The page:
5-8, and 9-12. These standards are essential for all art educators as the
framework upon which to design art curricula and instruction for all grade
levels, as well as for art teacher preparation programs. Officially
presented to the Secretary of Education in 1994. A cardinal resource for
curriculum and framework development. 36 pgs. {1994} ISBN 0-937652-65-2

No. 409 Purposes, Principles, and Standards For School Art Programs
This newly revised publication is directed toward the promotion and
recognition of educationally sound visual art programs in elementary,
middle/junior, and high schools. It is designed as a self-assessment
evaluation of the seven art education program components: Organization,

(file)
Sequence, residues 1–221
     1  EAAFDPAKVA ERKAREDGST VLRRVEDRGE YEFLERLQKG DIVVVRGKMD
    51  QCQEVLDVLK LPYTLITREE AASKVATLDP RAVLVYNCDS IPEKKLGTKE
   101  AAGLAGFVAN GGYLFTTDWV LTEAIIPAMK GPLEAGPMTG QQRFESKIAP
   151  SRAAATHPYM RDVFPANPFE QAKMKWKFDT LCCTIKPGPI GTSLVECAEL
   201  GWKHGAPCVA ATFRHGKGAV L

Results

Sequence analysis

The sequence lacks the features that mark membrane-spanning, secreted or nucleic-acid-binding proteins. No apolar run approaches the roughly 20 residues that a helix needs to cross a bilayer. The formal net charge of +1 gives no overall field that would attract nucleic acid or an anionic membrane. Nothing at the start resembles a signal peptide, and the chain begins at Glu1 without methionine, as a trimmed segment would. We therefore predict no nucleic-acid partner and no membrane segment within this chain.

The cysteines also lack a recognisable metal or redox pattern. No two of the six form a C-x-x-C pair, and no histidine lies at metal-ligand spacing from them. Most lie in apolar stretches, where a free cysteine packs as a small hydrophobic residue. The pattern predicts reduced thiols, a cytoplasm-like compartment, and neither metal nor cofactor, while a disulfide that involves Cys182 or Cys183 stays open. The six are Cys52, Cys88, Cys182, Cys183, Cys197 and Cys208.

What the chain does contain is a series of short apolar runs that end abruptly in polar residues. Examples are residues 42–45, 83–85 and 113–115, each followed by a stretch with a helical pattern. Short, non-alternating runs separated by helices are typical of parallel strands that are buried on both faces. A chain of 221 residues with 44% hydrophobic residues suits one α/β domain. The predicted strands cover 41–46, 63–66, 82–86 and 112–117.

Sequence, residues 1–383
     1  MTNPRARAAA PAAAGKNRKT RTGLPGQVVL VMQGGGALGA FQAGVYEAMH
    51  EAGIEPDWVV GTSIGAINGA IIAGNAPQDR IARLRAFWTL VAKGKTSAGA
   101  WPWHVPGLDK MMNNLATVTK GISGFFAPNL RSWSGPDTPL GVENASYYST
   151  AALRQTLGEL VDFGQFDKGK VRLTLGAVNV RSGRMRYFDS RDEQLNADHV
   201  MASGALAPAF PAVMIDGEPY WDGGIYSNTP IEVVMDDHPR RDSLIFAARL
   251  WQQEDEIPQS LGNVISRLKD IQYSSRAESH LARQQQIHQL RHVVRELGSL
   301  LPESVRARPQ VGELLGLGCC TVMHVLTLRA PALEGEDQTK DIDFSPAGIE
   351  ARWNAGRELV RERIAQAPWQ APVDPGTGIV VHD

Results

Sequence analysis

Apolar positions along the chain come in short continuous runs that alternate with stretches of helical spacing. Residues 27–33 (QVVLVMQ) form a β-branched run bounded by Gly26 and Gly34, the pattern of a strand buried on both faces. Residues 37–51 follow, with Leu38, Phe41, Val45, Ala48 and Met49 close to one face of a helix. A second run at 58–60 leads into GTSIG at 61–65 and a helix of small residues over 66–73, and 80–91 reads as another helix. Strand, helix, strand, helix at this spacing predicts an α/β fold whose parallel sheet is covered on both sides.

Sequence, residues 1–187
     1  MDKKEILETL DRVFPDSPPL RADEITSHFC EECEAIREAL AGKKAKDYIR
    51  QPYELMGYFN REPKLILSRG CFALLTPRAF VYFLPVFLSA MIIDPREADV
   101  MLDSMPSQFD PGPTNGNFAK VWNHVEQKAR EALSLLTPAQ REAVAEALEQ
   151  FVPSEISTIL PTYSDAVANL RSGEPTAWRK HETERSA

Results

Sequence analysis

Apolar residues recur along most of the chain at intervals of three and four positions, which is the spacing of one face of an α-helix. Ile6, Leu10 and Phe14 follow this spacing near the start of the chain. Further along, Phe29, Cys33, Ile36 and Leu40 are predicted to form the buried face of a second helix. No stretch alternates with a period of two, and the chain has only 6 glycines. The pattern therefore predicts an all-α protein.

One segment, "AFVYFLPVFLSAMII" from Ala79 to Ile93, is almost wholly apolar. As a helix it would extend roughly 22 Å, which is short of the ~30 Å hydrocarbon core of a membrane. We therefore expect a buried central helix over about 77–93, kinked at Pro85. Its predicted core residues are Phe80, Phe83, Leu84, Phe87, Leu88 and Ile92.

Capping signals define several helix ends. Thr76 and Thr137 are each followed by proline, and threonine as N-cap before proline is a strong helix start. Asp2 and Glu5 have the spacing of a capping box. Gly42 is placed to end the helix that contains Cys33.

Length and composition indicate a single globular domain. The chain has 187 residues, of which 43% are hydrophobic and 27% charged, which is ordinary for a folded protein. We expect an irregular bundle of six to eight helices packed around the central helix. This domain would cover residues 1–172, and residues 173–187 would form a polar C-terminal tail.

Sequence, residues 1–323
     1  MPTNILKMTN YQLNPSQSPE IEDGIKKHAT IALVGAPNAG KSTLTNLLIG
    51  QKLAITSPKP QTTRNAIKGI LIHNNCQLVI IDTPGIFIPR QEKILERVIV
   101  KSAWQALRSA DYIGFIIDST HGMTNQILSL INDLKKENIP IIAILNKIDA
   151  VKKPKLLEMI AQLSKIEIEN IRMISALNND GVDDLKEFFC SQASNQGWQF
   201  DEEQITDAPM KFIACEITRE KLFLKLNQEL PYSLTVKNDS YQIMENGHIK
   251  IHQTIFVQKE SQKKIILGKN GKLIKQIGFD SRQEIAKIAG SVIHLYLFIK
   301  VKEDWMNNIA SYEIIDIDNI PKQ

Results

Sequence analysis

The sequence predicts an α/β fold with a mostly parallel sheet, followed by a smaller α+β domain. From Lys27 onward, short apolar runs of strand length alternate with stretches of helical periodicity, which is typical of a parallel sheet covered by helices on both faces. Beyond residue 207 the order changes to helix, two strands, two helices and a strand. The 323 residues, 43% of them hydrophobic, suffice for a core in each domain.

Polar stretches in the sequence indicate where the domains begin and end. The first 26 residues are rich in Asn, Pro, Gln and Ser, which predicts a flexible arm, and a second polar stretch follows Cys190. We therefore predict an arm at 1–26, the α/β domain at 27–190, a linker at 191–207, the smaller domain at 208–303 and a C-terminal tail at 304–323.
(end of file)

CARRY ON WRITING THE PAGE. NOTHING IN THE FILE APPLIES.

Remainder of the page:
Curriculum, Personnel, Scheduling, Facilities, Materials/Equipment, and
Budgets. A nomination form and self-assessment checklist for the Standards
Award is included. 8 1/2" x 11". 33 pgs. {1994} ISBN 0-937652-83-0

No. 204 Design Standards for School Art Facilities
Mac Arthur Goodwin, Editor. This visual resource from NAEA includes over
60 photos and floor plan drawings of specialized art studio rooms. The
guide contains Art Room Planning in elementary, middle/junior, and senior
high schools; General Specifications (space, lighting, safety, computers);
and Specialized Art Rooms (ceramics, kiln room, printmaking, technology)
and much, much more. Also included are numerous resources for state and
federal agencies, manufacturers, organizations, and others that keep
current on specifications, codes, health hazard regulations, and
legislation. Includes application forms for Art Facilities Award 8 1/2" x
34 pgs. {1993} ISBN 0-937652-66-0 $14.00

No. 248 Elementary Art Programs: A Guide for Administrators